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Growing up in government-assisted housing negatively affects the health, employment, education and overall well-being of future adults, according to research commissioned by the Tenant Services Authority.
The studies, based on interviews from four generations of Britons born from the Second World War to the present, in the years 1946, 1958, 1970 and 2000, indicate that children in social housing—state-funded housing for underprivileged families—fared less when rating themselves in areas of health and health-related behaviors, personal well-being, income, employment and education, than their contemporaries.
According to the research, there were significant differences in health between those reared in public housing and those who are not. Social-housing occupants born in 1970 graded their health 2.92 (out of a possible 4), compared to those who had never lived in public housing, which gave themselves 3.13. Those who lived in government-assisted housing also smoked more cigarettes—5.5 per day compared to the 2.99 per day than their peers smoked. In addition, those who grew up in social housing from 1958 to 1970 were less likely to exercise regularly, and became overweight as they grew older.
In 1946, about 10 percent of all households in Britain were social-housing tenants. This number peaked to 31 percent in 1981, but fell sharply to 19 percent in 2001, as home ownership climbed from as low as less than a third of all households in 1946 to 68 percent in 1991.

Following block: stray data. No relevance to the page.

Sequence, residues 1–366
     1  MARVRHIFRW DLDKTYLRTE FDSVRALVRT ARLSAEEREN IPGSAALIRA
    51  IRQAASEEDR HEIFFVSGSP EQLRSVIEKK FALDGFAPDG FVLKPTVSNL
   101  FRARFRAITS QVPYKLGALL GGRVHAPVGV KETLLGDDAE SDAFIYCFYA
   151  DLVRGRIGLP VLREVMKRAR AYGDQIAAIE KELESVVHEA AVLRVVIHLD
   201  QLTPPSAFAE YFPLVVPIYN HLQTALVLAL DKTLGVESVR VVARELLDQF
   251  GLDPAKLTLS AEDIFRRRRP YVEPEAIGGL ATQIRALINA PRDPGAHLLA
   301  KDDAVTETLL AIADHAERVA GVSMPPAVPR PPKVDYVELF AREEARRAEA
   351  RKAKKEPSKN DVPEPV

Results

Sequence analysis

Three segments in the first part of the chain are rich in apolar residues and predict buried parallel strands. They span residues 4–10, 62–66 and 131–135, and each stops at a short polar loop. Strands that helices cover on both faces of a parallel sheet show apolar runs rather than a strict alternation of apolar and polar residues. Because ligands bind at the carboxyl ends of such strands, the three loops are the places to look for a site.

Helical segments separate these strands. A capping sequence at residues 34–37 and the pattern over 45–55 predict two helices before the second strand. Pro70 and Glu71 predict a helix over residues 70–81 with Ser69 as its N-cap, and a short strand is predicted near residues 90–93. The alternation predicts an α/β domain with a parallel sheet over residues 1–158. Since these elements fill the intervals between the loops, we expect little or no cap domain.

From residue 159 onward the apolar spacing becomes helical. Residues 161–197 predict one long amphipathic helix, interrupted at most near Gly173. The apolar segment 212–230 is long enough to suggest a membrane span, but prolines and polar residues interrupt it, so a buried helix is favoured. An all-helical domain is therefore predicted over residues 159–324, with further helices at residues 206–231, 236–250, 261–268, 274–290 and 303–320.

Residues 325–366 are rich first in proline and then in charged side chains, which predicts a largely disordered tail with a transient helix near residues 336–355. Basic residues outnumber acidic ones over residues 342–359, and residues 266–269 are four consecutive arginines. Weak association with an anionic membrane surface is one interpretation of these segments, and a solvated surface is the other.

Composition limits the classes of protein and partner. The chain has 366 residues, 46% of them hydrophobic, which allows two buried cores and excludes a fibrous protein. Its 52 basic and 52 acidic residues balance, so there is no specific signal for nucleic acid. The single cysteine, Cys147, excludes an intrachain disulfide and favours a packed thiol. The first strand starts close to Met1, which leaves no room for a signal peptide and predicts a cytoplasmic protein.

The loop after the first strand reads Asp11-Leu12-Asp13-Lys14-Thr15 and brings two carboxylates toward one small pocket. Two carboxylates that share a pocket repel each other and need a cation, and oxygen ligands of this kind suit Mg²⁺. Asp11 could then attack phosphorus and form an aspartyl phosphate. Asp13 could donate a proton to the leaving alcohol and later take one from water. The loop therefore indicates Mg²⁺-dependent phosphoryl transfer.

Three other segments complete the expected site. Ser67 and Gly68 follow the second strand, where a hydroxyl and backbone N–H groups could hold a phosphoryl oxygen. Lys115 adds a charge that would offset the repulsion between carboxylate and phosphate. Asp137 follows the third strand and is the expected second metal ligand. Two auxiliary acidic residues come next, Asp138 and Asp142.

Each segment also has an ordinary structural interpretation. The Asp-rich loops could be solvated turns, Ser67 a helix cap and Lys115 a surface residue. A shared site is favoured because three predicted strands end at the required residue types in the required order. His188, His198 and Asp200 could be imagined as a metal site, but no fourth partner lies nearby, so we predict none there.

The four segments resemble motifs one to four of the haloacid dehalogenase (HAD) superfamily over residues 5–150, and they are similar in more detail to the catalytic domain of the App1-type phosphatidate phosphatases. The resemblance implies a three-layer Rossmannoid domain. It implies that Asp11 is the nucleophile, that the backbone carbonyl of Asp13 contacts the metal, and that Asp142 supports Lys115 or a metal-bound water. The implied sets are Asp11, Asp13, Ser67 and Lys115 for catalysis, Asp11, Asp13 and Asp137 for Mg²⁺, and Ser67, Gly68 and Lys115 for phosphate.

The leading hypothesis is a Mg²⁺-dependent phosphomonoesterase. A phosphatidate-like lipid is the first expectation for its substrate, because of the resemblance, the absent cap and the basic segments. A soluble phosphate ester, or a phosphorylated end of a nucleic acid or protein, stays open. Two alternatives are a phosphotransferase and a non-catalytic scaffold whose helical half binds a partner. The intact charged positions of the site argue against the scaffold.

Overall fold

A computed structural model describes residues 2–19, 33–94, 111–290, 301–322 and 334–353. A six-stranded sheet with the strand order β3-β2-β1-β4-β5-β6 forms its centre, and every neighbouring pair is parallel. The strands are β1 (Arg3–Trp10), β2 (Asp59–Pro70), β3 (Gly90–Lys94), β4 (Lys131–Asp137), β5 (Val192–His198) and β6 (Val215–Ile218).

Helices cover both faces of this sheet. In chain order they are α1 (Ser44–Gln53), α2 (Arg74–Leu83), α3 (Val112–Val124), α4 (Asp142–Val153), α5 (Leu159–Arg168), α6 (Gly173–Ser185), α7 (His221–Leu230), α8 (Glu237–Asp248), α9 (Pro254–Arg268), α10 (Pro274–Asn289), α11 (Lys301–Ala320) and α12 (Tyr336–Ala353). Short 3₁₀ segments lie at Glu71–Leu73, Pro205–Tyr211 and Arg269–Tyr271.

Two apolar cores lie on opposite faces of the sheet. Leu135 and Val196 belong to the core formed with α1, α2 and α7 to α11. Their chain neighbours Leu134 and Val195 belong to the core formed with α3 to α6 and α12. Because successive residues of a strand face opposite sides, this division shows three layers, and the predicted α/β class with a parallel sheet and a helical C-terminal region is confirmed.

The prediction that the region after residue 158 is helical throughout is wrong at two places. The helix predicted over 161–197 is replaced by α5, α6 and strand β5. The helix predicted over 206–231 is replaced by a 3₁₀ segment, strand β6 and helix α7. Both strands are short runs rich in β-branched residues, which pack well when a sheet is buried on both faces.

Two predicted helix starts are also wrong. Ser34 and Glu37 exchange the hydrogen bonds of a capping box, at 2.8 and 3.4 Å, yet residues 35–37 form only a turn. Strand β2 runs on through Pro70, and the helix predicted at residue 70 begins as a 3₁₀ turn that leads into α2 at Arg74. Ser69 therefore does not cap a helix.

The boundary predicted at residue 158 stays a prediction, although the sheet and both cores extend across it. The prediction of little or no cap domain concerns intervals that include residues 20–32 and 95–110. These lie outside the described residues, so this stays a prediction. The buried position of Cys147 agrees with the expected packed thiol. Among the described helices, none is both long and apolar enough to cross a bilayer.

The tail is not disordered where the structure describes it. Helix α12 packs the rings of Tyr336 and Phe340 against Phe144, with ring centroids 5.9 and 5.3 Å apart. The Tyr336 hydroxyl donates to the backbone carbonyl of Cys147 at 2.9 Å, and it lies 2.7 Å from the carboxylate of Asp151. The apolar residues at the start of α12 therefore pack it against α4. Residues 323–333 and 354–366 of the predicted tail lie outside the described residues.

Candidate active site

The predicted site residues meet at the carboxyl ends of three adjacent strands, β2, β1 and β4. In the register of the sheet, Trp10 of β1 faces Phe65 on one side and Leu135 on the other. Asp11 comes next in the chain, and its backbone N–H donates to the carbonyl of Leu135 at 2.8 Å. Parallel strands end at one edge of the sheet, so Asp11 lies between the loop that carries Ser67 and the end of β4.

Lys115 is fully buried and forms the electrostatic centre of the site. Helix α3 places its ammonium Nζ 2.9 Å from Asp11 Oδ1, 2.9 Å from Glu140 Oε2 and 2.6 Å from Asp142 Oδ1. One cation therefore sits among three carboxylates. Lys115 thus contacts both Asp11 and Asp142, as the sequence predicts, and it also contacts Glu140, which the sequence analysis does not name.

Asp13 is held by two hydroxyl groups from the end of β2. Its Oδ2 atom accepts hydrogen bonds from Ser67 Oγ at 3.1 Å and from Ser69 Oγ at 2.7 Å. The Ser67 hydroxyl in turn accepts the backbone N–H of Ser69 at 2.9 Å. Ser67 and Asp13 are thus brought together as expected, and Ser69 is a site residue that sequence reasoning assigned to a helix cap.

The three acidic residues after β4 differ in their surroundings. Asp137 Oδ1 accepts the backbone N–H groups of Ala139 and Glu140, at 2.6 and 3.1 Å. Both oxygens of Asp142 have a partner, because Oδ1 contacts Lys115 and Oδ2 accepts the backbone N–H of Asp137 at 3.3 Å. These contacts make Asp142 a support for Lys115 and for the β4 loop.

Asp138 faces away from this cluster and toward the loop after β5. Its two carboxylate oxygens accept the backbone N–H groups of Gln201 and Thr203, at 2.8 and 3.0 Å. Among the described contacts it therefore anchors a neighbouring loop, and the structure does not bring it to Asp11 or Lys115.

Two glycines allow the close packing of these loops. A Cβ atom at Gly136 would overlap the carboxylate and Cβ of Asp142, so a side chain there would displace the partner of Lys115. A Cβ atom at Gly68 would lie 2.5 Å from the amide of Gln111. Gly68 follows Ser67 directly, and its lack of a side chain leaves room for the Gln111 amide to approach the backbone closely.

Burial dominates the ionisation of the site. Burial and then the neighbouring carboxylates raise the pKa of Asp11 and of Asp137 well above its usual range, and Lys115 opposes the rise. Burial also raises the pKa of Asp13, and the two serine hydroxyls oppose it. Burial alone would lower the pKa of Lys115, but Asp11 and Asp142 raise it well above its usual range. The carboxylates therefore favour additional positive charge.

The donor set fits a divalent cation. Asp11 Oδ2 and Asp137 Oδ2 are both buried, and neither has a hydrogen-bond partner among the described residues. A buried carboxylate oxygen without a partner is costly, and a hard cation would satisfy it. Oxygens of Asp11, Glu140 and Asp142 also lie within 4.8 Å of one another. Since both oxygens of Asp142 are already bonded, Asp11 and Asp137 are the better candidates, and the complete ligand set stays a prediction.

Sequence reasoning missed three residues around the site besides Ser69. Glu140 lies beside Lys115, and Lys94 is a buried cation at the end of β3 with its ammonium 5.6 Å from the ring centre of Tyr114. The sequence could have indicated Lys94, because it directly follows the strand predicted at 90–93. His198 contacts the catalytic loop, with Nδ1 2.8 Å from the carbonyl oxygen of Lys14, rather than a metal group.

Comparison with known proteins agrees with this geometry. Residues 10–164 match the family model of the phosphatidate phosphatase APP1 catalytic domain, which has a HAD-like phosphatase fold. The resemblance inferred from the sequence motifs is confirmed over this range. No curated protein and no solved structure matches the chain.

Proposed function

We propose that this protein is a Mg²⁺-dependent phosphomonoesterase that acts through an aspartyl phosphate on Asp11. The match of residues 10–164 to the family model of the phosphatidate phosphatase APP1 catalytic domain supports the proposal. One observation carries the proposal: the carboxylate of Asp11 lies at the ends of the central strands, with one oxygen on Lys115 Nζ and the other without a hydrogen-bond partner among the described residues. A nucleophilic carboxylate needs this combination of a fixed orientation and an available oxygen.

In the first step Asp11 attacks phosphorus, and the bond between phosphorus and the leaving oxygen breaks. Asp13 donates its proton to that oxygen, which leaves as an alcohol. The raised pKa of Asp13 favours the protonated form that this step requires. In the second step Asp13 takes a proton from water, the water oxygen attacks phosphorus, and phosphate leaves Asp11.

The government-funded study also showed significant differences between the two groups in employment retention. Eighty six percent of adults who had never lived in social housing had been employed, as opposed to only 79 percent of adults raised in public-funded housing.
Children with an upbringing in social housing were also more likely to grow up without the same conveniences in their homes as their counterparts, such as hot water, and often lived near more troublesome neighbors.
The research show that social-housing occupants may also marry earlier, particularly women born in 1970, compared to those who own homes, but may not live separately from parents. From 1970 to 2000, the number of single mothers who lived in social housing rose while the number of mothers with paid employment decreased significantly.
In another study by Shelter, a housing charity, 1 out of 12 children living in social housing is in danger of getting respiratory diseases because of inadequate living conditions.
Proposals to solve this public-housing problem include shortening the duration of their occupancy, which would require tenants to find employment, or educating mothers about how to find work. Researchers have also suggested that social houses, which once served as safety nets, should be improved to be more desirable and at par with homeownership-type housing.